It was 3:30 a.m. during one of those all-night filibusters in July 1980, the kind that find senators catnapping on cots in the cloakroom, and questioning their reason for being.
Sens. William Cohen (R-Me.) and Gary Hart (D-Colo)happened to run into each other during a quorum call and the wandered off for coffee. Both were tired and frusterated, "Frankly, I'd rather be in Ireland writing a novel," Hart complained.
Cohen confessed he, too, had always wanted to write a novel, but political careers being what they are, Ireland seemed out of the question. One thing led to another, and before long the two senators were scribbling on a manila envelope the story line of a Washington suspense novel, featuring what else but an ambitious U.S. senator.
"It was like ping pong," says Hart. "We started with terrorism. It was topical. Then we asked one another, 'What if? What if terrorism reached this country? What if there was a Senate investigation? The characters just popped up.'"
"Within about 25 minutes we wrote an outline that never changed," Cohen recalls. "It was a spontaneous kind of thing. A lark really. If I hadn't run into Gary that night it never would have happened."
HART had written two previous books; Cohen three, one a collection of his poetry. Their interest in literature, in fact, was one basis of their friendship. They insist the bipartisan novel is their work, and that their staffs had very little to do with it. "We did write it," says Hart. "We have six or eight drafts to document it if it ever comes to that."
It was, however, heavily edited. The first draft was about twice as long as the end product. Editors Tom Allen, Marcia Guarnaschelli and Lawrence Hughes, head of William Morrow, all had a hand in it, says Cohen. "Larry Hughes was tough. He kept telling us, 'You have 80 percent of a good book.' His attitude was, 'I have plenty of good writers, and I'm not going to publish something by two senators unless it is top quality.'"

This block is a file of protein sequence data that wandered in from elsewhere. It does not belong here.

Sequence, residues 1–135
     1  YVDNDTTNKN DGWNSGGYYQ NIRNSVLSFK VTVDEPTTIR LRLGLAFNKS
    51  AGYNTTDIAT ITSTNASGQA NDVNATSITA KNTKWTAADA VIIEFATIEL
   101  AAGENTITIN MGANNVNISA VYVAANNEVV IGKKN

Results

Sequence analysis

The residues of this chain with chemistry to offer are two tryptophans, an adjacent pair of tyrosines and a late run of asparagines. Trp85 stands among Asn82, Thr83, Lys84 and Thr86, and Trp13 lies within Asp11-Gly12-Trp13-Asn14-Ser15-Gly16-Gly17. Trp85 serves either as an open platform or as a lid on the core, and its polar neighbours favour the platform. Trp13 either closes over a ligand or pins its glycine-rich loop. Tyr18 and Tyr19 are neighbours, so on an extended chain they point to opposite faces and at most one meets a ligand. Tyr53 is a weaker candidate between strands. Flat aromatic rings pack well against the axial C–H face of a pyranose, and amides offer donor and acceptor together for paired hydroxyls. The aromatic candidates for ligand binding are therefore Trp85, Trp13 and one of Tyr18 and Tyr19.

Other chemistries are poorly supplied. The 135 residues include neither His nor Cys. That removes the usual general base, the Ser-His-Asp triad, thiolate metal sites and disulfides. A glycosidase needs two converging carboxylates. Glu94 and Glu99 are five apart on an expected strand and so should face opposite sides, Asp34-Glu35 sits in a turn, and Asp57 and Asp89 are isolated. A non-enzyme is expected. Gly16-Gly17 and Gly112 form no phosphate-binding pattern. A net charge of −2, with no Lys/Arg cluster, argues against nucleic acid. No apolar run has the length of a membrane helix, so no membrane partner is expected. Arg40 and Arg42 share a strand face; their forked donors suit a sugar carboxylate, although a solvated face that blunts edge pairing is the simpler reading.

The novel took four years to produce. Neither senator had time to work on it except on weekends or on airplanes flying back to their home states. Each would write a section and give it to the other. "Our rule was if you see something you don't like, change it," says Cohen.
The bulk of the writing was done in 1981 and 1982. But sometimes a month would pass without either working on the project. To talk about the book, they would slip off on long noontime walks to the Washington monument, away from their staffs, constituents and fellow senators.
Cohen came up with the title, The Double Man, borrowed from a collection of poems by W.H. Auden. But neither he nor Hart will claim credit or blame for any specific character or section.
Sex and the role of Elaine Dunham, the beautiful Senate aide, who Sen. Thomas Chandler, the hero of the book, falls in love with, were sensitive issues. "We'd be less than honest if we said we weren't concerned about how initimate scenes were," says Hart. "As public figures, we didn't want the physical scenes to be too graphic for fear that's all people would talk about."
The sex scenes, for the record (as senators say), aren't much to talk about.
With Cohen facing reelection and Hart running for the Democratic presidential nomination, the novel was set aside in 1984. After the election, each worked on it for about six weeks.
Both are now intrigued by suggestions that The Double Man would make a good movie. Who would play the lead? Not Hart's pal Warren Beatty, says Cohen. "I never thought of Tom Chandler as that handsome."
And what about a sequel?
"I don't see how we could ever get the time," says Hart, who is already gearing up for another run for the presidency in 1988. But who knows. "Most politicians talk about getting out of politics a lot more than most people realize," says the Colorado Democrat.